However, it must be noted that while this framework is in place, pursuing redress using this framework can often achieve mixed results based on the application of these laws. In the case of the ICCPR, for instance, there was noticeable inadequate prosecution in the cases of those involved in the Aluthgama, Dharga Town, Valipanna, and Beruwala violence in 2014; the anti-muslim violence in Gintota in 2017; and the violence subsequent to the Easter attacks in 2019.
Conversely, under the purview of the ICCPR Act, there have been instances where the law has been over-inclusively applied, like in the arrest and remand of author Shakthika Sathkumara in April 2019 for the publication of a book that mentioned sexual misconduct among the clergy as well as the arrest of Abdul Raheem Masaheena in May 2019 for wearing motifs that were thought to resemble a valued symbol of Buddhism.
In similar ways, each avenue of legal recourse comes with its inherent challenges and room for misinterpretation and application.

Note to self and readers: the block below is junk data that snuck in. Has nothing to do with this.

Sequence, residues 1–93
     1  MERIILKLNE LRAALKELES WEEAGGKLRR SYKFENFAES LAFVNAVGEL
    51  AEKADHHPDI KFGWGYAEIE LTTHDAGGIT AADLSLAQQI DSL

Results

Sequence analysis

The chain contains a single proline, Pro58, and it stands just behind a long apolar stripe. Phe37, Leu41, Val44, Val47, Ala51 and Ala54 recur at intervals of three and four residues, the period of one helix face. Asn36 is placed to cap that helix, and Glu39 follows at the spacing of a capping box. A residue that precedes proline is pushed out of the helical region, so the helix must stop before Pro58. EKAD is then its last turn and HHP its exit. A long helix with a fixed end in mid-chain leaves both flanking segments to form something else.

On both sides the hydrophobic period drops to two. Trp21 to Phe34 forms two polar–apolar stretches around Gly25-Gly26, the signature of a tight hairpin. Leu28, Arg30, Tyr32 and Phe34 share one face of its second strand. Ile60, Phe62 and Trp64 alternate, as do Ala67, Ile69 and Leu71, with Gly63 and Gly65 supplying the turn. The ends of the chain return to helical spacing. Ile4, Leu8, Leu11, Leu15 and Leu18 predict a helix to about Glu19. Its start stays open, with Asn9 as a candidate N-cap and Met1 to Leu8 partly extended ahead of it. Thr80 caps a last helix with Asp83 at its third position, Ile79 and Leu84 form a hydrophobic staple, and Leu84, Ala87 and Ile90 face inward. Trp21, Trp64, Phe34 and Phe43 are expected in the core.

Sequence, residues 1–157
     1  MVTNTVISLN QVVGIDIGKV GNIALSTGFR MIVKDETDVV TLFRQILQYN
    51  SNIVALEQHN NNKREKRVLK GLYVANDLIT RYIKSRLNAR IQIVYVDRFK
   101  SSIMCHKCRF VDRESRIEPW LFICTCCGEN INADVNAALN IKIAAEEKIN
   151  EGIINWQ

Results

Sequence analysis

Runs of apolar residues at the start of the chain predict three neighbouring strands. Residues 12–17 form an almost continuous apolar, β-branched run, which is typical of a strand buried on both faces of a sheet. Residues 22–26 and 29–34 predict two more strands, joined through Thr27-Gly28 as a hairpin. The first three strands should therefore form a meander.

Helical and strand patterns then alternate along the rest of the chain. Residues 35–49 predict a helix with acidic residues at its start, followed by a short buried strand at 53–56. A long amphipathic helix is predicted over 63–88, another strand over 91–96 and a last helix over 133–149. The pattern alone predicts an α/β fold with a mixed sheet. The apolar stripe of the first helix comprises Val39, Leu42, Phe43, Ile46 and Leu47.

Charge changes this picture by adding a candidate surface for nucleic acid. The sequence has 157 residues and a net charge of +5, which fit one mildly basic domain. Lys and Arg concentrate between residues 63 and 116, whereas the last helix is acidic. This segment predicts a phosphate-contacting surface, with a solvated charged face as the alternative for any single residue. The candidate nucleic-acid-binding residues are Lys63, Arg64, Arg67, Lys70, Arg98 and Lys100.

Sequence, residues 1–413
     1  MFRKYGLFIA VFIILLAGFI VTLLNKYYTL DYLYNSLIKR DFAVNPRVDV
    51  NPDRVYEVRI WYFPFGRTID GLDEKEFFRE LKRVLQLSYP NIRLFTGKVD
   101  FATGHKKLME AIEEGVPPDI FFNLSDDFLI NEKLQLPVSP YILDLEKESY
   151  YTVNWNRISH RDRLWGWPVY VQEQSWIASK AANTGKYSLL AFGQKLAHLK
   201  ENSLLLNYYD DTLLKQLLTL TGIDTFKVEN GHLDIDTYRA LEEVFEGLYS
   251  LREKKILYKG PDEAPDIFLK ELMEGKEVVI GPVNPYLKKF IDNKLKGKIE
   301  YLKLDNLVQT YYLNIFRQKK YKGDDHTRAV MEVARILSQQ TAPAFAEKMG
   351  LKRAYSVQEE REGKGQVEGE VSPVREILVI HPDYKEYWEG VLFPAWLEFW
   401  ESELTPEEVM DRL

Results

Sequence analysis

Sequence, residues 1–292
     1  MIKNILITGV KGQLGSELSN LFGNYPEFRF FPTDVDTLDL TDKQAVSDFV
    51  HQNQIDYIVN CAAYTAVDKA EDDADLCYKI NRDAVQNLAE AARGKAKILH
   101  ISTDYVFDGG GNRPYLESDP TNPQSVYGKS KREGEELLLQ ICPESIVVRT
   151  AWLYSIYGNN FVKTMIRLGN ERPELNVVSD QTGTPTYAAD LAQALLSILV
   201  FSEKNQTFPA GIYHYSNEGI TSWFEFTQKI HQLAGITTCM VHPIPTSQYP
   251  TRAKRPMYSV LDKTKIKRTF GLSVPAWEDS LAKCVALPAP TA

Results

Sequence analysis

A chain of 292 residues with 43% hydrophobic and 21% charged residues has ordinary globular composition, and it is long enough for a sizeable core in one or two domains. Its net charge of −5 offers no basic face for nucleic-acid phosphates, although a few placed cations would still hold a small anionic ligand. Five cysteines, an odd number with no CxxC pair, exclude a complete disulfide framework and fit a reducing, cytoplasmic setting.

The report also addressed alternative frameworks that can be pursued to address hate speech and disinformation, analysing the pros and cons of each type of mechanism.
Frameworks covered in the report included voluntary self-regulation by social media companies, independent industry-level regulatory mechanisms, and counter-messaging and ethical engagement at the institutional and individual level.
This alternative framework also comes with its own challenges; for instance, depending on social media companies to voluntarily self-regulate content on their platforms, there will be a lack of self-regulation of content in the local language, as well an overall lack of clarity and transparency to the process.
So where do we go from here?
The report made several recommendations to create a safer space and to fight hate speech and disinformation on social media.
The major conclusion the report came to was that in Sri Lanka, legal provision with formal legal and regulatory frameworks do in fact cover social media, but these laws run the risk of over-selective application and being used to target those seen as dissident or critical instead of against those who incite discrimination, hostility, and violence.
On a legislative level, the report recommended amending the ICCPR Act and the Penal Code to improve both clarity and scope. The report also recommended extending the Sri Lanka Computer Emergency Readiness Team (SLCERT) mandate to include further support when it comes to hate speech.
The report also recommended increasing liability on internet intermediaries like social media companies by the State.